Since we are trying to keep critters OUT, some of them wild pigs, as much as dogs in, we did put a concrete footing also:

            http://s13.photobucket.com/albums/a2...2-20-07810.jpg

            Comment


            • #7
              if you put a concrete footer remember that it will collect and channel water. Don't channel it into your foundation or basement steps.

              Comment


              • #8
                We have chain link on top of a small slope that is planted with iceplant (groundcover) and the iceplant is growing from both sides up onto the fence about a foot. It's a perfect deterent for the wee Jack Russell, otherwise known as Houdini.

                Comment

                • Original Poster

                  #9
                  Thank you all for your help Hopefully we can find something that will help these guys out... Its just frustrating... I don't want to do too much to the fence as we plan on building and moving within the next 3 yrs. But I want a secure place for the dogs to run and play. I would just rather NOT have to put in a brand new fence, lol Well, off to work, then I guess I'm spending my day in the local Lowes to start pricing out plenty of stuff :/
                  R.I.P. Barbaro
                  Good luck Nicanor & Lentenor !

                  Comment


                  • #10
                    Camping stakes, used to attach tents to the ground, have a "hook" that can be used to secure the chain links to the ground. Put the hook around the wire and push the stake into the ground.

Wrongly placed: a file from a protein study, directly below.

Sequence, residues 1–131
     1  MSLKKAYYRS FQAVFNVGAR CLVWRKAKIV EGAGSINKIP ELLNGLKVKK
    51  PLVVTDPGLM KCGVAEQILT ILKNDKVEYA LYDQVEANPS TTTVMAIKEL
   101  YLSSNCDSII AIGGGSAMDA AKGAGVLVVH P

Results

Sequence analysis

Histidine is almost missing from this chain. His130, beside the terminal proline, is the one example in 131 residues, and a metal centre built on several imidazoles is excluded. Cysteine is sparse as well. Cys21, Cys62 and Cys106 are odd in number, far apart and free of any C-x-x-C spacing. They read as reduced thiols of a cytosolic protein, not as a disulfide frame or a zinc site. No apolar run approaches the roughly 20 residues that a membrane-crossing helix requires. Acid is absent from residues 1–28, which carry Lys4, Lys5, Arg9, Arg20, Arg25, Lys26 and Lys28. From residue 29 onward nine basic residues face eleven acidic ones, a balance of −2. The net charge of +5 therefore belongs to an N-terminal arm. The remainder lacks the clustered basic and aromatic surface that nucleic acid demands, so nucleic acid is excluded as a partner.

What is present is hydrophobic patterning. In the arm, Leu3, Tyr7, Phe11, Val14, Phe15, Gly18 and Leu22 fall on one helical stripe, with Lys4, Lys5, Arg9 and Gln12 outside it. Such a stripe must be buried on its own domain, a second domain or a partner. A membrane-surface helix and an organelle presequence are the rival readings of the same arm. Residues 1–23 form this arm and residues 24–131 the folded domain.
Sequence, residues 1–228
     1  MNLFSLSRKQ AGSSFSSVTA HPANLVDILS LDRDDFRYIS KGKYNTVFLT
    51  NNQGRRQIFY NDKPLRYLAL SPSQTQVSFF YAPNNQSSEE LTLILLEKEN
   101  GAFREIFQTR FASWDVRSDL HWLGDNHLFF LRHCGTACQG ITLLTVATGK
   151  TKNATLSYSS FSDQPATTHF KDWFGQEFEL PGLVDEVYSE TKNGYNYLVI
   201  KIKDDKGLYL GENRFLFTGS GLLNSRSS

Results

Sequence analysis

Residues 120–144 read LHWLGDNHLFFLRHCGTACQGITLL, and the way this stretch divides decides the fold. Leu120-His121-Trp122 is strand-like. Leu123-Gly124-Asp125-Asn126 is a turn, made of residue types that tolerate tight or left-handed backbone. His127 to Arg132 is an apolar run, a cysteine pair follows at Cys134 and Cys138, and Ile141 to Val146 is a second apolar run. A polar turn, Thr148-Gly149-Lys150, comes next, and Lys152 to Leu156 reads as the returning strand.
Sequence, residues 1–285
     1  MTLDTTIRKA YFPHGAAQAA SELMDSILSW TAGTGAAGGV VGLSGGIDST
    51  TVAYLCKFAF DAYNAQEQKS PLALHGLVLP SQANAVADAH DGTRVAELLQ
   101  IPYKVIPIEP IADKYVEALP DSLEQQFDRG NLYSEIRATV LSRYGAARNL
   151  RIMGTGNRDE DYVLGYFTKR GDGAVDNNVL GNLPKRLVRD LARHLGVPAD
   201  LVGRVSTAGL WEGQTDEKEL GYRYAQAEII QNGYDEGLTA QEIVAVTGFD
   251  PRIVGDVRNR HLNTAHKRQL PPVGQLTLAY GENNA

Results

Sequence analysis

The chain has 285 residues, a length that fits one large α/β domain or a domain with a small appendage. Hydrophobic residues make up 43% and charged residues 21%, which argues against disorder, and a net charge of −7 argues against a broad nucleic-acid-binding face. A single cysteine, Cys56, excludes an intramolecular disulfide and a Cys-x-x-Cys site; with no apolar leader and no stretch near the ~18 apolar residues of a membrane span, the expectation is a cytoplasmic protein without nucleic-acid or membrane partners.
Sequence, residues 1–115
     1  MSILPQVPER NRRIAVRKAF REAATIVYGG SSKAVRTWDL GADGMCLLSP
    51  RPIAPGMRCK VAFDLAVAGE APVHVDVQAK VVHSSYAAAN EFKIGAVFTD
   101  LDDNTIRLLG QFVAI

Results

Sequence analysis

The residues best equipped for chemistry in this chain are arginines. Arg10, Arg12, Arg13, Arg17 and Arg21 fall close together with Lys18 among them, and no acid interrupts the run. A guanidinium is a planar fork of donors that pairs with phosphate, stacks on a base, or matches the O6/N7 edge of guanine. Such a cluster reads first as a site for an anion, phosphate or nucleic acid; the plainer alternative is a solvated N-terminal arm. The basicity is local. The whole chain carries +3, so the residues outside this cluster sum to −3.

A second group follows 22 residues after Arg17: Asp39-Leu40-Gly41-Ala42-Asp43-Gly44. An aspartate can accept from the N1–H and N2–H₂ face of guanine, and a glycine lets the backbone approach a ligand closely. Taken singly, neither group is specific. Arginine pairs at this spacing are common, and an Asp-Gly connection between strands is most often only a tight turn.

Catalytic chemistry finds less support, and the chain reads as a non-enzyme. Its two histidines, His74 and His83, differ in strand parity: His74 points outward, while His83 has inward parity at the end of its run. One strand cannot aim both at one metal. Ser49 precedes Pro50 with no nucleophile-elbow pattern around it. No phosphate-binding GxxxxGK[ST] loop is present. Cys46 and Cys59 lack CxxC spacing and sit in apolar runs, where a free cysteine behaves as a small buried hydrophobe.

Comment


                    • #11
                      When we moved into our house there was a chain link fence without a bottom pipe and whoever installed it had the posts too far apart. We just used landscape ties & old 4x4s that we drilled and nailed into the ground with either rebar or the big spikes that look like nails. It was much easier to weedeat the fenceline on the side that had the boards.
                      You can always take the landscape ties/4x4s with you when you move. They can become nice cavellettis or raised flower beds.
                      Oh, well, clearly you're not thoroughly indoctrinated to COTH yet, because finger pointing and drawing conclusions are the cornerstones of this great online community. (Tidy Rabbit)

                      Comment


                      • #12
                        We're having a chain link fence installed and our contractor suggested a cable on the bottom . We have larger dogs ( GSPs) and they won't be spending huge amounts of time in the area, just morning "bathroom time" and last thing at night. they won't be unsupervised as they can certainly get in to enough trouble given enough free time. How about sections of border fencing that you can secure into the ground either inside or outside the fencing? hOME DEPOT has what they call rabbit fencing that isn't too expensive. All else fails, how about a little strand of hot wire and an inexepensive charger/?Or, get a do it yourself "invisible " fencing kit and install the wiring above ground "yorkie" height. A collar for each might deter them .

                        Comment


                        • #13
                          Put a hot wire inside the fence - high enough dogs can't go over, low enough they can't go under. And if it's dry - wet the perimeter by the hot wire so the first time they test it they get zapped badly.
                          Now in Kentucky